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  • Research article
  • Open Access
  • Open Peer Review

Economic evaluation of continuous subcutaneous insulin infusion for children with diabetes - a pilot study: CSII application for children – economic evaluation

  • 1,
  • 1Email author,
  • 2 and
  • 1
BMC Pediatrics201313:155

  • Received: 21 March 2013
  • Accepted: 20 September 2013
  • Published:
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The objective of this study is to assess the cost of using continuous subcutaneous insulin infusion to treat children with type-1diabetes in Bulgaria, considering changes in body mass index (BMI) and the glycated hemoglobin. The study was performed from the perspective of the Bulgarian National Health Insurance Fund (NHIF) and patients.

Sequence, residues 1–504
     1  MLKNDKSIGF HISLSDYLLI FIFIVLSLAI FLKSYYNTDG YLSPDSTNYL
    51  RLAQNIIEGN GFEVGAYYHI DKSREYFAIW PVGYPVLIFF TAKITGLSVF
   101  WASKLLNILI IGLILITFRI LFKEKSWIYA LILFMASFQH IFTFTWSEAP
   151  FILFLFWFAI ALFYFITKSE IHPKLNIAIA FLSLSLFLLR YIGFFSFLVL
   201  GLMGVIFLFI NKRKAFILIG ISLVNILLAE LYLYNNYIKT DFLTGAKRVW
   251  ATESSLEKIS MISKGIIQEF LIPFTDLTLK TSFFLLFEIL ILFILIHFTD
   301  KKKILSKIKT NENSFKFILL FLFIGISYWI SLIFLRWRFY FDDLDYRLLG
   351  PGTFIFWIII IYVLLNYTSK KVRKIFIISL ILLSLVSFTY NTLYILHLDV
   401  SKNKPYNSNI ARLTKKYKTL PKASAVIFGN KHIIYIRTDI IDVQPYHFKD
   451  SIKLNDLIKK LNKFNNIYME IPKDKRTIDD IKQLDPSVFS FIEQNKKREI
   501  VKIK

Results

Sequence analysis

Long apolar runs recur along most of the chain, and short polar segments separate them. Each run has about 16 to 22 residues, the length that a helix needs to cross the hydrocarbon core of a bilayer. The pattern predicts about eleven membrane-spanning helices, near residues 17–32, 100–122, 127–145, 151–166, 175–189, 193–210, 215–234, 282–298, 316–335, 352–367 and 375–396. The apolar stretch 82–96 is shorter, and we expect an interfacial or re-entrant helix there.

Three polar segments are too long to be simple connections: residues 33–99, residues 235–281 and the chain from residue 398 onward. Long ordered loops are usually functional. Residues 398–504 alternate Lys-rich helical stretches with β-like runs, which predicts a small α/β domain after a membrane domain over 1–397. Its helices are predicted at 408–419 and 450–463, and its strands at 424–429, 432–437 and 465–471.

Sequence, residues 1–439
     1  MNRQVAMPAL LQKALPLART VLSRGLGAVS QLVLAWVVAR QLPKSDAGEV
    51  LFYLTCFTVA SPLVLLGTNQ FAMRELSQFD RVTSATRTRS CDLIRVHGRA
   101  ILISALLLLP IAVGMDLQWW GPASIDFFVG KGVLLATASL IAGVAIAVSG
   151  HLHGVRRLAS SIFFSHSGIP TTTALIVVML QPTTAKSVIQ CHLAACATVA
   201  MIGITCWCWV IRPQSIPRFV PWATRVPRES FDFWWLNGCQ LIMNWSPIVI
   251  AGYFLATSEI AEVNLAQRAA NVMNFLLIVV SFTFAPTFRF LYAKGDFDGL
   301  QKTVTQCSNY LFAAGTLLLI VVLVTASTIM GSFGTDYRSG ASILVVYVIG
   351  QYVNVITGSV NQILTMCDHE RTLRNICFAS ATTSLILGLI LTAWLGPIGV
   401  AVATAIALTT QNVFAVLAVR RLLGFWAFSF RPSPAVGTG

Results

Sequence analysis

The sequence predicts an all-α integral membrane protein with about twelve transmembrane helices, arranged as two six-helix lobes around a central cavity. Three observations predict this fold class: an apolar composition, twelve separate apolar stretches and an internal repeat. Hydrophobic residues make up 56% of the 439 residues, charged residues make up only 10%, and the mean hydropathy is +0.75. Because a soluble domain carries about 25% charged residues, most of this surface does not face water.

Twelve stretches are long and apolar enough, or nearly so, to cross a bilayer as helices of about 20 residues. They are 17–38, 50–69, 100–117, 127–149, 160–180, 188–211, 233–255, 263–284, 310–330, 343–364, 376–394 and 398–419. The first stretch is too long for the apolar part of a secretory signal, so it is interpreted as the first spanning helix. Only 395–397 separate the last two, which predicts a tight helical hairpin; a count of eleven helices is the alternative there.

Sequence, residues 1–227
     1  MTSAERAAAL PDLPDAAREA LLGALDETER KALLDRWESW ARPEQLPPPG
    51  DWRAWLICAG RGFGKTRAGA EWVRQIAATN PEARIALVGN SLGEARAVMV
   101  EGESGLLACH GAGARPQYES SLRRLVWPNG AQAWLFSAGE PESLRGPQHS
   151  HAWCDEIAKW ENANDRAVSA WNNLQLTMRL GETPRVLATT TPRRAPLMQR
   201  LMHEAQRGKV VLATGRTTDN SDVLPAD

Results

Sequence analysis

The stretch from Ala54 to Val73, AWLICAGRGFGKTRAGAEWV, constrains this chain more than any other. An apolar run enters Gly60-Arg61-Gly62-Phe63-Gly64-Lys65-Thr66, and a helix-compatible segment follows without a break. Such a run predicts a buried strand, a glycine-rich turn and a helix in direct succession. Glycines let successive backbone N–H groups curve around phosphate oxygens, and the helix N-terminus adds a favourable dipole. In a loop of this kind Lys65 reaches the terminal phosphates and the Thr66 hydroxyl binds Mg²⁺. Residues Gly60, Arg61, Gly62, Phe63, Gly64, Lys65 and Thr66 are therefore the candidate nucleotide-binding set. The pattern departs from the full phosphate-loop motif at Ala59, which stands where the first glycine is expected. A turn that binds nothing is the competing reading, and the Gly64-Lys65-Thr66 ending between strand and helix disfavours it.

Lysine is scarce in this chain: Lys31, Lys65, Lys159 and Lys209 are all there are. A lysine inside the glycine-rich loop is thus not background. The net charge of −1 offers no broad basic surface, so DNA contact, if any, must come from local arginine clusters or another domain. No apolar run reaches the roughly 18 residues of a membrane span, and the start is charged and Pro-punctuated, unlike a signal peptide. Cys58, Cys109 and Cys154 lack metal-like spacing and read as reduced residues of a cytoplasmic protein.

A total of 34 pediatric type-1-diabetes patients were observed for 7 months, divided into 2 groups – on pumps and on insulin analogue therapy. Patient demographic data, BMI and glycated hemoglobin level were obtained and recorded. The cost of insulin, pumps, and consumables were calculated and compared with changes in glycated hemoglobin level. The incremental cost-effectiveness ratio was below the threshold value of gross domestic product per capita.


The results were sensitive to changes in glycated hemoglobin level. Improvements associated with glycemic control led to a reduced glycated hemoglobin level that could ensure good diabetes management, but its influence on BMI in growing children remains unclear.


Continuous subcutaneous insulin infusion appears to be more cost-effective for the Bulgarian pediatric population and health care system.


  • Pediatric diabetes
  • Continuous subcutaneous insulin infusion (CSII)
  • Insulin analogues
  • Cost-effectiveness analysis